Tuesday, November 23, 2010

chasing daylight

I started writing this post a few weeks ago in a moment of downtime at work. Appropriately enough, it got lost in the shuffle until just now...

I remember one of the first CDs I ever purchased was Sister Hazel's somewhere more familiar album. I think my sister and I found it in some second-hand shop somewhere in NYC; probably got it for about $5 and figured it might be good.

Turns out some of Sister Hazel's earlier albums (somewhere more familiar, Fortress, Chasing Daylight) have gifted some of my favorite songs, which have remained real and alive for me over the years when all my other music seems old and worn.

One of my favorites from the Chasing Daylight album is "Life Got In The Way". I used to just happily sing along, not really giving the lyrics much thought. As I've gotten older, it's started to resonate with me more - in a general sense.

Our lives really are just a sequence of events. We hope these events are exciting and adventurous, that our interactions are ones of love and joy.

But real life often seems much less noteworthy.

Perhaps the challenge is finding the excitement and adventure, love and joy in these things we do every day. And then not letting the hiccups, the drudgery, the drama (the "life") get in the way.

As the Thanksgiving holiday is nearly upon us, I'm reminded of the simple joy of being at home with family - I'm so excited I'm scared to think about it (must focus on this presentation today!). But the point is, I need to keep these kinds of joys in my life - my daily life.

As the days, weeks, and months - well really, even years - keep zooming by, I realize more and more that I need to make space (and make sacred this space) for the small things I enjoy and the big possibilities that life presents. It's about finding that balance between savoring the moment and creating a future I'm excited to live. Otherwise, what's the point?

Sunday, November 21, 2010


Funny how it took a chic flick to remind me how much I love (and miss) reading. Maybe it's time I pick up a novel for the holidays.

A poem I've always loved:

i carry your heart with me

i carry your heart with me (i carry it in
my heart) i am never without it (anywhere
i go you go, my dear; and whatever is done
by only me is your doing, my darling)
                              i fear
no fate (for you are my fate, my sweet) i want
no world (for beautiful you are my world, my true)
and it's you are whatever a moon has always meant
and whatever a sun will always sing is you

here is the deepest secret nobody knows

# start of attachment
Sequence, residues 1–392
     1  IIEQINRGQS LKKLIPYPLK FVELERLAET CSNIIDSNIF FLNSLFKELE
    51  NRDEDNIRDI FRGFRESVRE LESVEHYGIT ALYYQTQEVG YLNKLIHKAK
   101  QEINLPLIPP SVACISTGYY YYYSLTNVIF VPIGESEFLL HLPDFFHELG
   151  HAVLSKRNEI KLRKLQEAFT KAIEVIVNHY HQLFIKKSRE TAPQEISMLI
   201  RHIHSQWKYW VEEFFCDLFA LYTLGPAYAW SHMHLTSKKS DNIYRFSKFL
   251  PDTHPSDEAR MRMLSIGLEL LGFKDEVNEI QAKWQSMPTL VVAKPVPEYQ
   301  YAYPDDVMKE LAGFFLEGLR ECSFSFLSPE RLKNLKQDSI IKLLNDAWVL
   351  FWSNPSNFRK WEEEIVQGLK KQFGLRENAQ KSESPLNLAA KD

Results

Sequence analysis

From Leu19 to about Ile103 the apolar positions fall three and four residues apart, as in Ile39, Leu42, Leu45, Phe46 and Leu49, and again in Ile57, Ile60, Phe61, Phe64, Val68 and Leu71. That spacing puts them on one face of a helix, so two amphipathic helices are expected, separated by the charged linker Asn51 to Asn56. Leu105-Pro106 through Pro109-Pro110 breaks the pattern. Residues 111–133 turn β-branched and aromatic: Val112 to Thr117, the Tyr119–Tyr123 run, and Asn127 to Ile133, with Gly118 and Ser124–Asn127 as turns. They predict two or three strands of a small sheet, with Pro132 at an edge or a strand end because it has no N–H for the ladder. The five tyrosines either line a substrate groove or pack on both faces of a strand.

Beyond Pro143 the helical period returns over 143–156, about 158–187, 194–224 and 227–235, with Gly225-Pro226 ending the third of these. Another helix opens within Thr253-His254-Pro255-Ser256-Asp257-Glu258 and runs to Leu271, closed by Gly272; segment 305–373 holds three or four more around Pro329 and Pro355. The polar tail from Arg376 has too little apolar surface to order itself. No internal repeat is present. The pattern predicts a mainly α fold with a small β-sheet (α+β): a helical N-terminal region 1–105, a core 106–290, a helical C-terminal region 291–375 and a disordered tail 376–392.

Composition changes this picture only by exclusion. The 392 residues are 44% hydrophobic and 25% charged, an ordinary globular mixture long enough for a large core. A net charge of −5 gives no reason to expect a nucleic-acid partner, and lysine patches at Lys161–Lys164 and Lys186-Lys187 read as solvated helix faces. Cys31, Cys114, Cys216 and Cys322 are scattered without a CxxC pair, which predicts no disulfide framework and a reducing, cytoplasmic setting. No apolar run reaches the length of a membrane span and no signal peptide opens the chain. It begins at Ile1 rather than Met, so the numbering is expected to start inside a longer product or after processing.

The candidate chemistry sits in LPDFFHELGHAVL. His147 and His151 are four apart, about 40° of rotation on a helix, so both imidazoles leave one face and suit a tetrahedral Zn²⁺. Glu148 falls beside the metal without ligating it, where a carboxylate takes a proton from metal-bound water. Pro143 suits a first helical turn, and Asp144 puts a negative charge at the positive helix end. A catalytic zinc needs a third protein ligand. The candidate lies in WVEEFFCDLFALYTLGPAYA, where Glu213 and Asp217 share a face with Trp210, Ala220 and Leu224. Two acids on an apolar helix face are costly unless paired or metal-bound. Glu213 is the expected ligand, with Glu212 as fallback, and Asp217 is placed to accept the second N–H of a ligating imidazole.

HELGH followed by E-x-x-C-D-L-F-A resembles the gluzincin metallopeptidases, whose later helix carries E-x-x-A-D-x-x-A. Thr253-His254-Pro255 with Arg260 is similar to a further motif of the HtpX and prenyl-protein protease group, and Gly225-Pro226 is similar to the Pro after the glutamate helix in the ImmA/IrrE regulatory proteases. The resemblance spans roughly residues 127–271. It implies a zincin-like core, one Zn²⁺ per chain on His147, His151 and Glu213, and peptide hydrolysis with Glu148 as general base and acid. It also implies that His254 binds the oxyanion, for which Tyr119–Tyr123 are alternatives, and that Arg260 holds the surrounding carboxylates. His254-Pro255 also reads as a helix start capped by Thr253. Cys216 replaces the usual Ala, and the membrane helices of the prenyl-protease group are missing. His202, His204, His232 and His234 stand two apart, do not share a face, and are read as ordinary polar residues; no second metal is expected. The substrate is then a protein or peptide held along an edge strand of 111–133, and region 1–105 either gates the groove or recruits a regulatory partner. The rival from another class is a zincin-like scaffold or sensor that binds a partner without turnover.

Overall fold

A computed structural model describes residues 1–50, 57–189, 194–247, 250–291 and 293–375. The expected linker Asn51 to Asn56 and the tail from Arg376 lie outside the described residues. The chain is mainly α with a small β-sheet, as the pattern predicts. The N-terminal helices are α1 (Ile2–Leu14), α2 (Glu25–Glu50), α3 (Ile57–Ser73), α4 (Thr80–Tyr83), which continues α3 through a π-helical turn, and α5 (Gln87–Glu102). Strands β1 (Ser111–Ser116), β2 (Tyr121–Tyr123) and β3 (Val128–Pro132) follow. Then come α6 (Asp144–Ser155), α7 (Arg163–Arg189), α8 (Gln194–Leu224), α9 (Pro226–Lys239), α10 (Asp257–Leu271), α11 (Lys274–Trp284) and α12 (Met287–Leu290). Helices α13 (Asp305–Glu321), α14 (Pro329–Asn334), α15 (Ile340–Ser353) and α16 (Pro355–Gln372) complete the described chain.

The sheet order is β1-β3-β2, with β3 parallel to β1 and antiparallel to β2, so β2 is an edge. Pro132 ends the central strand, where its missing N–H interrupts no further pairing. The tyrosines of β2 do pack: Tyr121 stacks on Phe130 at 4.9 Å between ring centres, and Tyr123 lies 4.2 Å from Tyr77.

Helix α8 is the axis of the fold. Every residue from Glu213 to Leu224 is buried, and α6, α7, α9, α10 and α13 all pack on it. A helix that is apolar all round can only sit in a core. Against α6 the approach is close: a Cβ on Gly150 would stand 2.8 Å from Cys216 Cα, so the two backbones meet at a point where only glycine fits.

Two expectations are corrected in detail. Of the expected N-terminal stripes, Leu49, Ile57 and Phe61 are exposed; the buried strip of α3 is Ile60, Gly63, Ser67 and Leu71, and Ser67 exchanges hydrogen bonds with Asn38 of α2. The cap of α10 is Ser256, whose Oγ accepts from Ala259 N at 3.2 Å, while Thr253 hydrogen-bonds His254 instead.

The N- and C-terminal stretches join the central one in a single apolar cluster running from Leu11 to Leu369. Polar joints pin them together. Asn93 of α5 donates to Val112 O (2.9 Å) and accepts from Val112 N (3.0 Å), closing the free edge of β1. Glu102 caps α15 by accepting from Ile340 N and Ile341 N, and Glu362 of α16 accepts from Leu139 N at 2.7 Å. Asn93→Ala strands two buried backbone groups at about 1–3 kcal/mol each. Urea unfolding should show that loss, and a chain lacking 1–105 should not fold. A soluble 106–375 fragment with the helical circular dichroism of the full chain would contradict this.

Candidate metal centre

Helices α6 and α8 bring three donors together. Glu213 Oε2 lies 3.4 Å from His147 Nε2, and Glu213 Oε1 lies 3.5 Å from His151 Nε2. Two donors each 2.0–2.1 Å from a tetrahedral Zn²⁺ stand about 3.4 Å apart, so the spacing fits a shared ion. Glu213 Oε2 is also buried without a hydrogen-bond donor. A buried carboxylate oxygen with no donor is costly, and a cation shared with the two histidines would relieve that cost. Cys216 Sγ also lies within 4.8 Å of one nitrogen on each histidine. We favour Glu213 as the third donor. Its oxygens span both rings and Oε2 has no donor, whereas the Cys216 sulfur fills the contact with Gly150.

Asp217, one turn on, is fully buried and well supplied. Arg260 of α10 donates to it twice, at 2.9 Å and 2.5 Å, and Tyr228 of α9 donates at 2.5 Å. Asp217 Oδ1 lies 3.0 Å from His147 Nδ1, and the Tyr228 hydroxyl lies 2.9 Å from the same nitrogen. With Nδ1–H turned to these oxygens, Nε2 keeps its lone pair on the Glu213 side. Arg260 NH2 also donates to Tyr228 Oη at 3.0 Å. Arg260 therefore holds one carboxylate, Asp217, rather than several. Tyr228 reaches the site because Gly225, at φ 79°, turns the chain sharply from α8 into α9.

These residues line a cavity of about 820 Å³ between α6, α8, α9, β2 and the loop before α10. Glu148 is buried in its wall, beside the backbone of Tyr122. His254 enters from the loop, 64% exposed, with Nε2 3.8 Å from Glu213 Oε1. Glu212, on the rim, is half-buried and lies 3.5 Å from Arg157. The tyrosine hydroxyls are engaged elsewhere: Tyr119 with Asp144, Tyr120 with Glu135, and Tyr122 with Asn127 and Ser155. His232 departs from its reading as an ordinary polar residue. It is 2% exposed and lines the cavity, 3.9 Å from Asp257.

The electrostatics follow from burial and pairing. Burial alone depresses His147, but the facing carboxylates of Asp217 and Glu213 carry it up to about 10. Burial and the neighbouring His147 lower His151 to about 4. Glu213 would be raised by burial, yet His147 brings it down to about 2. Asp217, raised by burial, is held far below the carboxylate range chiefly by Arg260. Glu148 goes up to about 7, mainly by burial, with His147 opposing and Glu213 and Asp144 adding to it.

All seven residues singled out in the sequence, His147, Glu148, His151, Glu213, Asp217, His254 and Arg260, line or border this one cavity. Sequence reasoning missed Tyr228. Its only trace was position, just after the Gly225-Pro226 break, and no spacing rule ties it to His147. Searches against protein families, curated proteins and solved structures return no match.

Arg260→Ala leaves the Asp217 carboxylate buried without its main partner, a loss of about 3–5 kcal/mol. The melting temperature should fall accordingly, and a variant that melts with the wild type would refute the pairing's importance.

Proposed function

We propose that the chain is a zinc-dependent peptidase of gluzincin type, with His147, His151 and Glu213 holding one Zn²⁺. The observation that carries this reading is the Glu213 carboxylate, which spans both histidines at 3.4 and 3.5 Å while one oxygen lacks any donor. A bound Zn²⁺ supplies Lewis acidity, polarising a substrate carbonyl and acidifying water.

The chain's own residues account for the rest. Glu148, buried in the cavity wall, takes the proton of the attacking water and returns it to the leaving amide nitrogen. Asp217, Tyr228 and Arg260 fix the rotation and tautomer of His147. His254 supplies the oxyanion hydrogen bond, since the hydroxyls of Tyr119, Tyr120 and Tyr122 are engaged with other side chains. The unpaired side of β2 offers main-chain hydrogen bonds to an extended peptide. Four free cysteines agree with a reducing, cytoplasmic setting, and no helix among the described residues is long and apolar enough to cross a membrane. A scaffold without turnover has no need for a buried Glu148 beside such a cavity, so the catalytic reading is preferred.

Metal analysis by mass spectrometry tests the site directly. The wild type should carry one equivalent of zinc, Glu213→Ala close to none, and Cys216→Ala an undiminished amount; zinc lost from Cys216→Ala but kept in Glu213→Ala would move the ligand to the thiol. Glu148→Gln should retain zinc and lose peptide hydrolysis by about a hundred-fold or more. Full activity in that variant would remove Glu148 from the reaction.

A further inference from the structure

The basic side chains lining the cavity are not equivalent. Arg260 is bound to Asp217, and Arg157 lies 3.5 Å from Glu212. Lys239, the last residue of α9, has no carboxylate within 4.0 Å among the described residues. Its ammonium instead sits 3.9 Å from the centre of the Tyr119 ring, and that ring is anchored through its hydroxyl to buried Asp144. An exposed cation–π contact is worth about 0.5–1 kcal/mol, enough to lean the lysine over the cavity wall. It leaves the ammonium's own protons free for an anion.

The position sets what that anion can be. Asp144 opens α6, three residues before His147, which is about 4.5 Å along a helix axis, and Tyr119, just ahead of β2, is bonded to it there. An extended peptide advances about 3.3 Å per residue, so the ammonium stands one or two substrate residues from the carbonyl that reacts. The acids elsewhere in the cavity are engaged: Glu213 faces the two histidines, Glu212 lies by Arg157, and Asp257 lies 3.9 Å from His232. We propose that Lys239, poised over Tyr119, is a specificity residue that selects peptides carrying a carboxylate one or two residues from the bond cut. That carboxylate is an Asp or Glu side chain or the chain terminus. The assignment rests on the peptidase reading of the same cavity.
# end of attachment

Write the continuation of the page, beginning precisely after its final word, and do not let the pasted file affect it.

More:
(here is the root of the root and the bud of the bud
and the sky of the sky of a tree called life; which grows
higher than the soul can hope or mind can hide)
and this is the wonder that's keeping the stars apart

i carry your heart (i carry it in my heart)

-e.e. cummings

Tuesday, November 9, 2010

heigh-ho, heigh-ho

I generally try to avoid writing about work. I don't like feeling work dominates my life, although that is probably closer to a reality for me than I would like to admit.

Regardless, it would be a complete lie to say work doesn't affect me. It dictates where I physically am from day to day, how tired I am, to some extent what I wear, and even what / where I eat. It's difficult to not seem like I'm complaining about it, but work often (although certainly not always) dominates my life.

I periodically wonder why I'm doing what I do, and whether it's worth it. I am rapidly approaching my 4-year anniversary with the company. FOUR years. I can hardly believe I have been out of college for that long, much less at one place of employment for that long.

Yes, I feel like I am still learning and I am challenged daily. Without a doubt, these things are of utmost importance. But it's hard to trump a few things. Regardless of a career path and the actual material of one's work, I feel like it's about the time spent being worth it - and to me that comes down to three factors:

  1. Advancement: If there's no forward / upward mobility, no achievable professional goals within grasp, then what's the point?
  2. Compensation: Let's be real. If the pay doesn't justify the hours, if the strains on personal life aren't outbalanced (or at least balanced) by benefits, then what's the point?
  3. People: This can be debated, but at least for me, the people I work with impact my daily life and my personal state of being in a huge way. In fact, the people often make all of this worth it for me, trumping #1 and #2.
I guess all of this has been on my mind as I approach this anniversary - a stake in the ground that reminds me what I've been up to, how much of my life I have dedicated to it, and the unspoken question of how much longer I will stick around.

It's difficult to consider a new job and the associated new location, new surroundings, and new people, when a routine has been established, when relationships have grown, and when life already works the way it is. But when it comes down to it, I'd make life work regardless. There is no other option. And change is probably in order more often than not. So maybe it's time to face all the scary bits and think about what I really want.

The above #s 1, 2, and 3 can be found in a lot of places. It would be easiest for me to stay in Boston, particularly as I've put down roots here and the thought of moving again too soon makes me queasy.

As I've mulled over this in the past month or so, I had somewhat "decided" to stay for about another year. But that decision has left me still a little uneasy. Some things still aren't quite right, and I don't want to feel like I'm settling, just doing what's easiest.

Maybe it's time to push myself harder and step out of the comfortable cocoon I have made for myself here. I need to make a few (unreasonable?) requests and put things in motion to improve the quality of this life. This life needs change.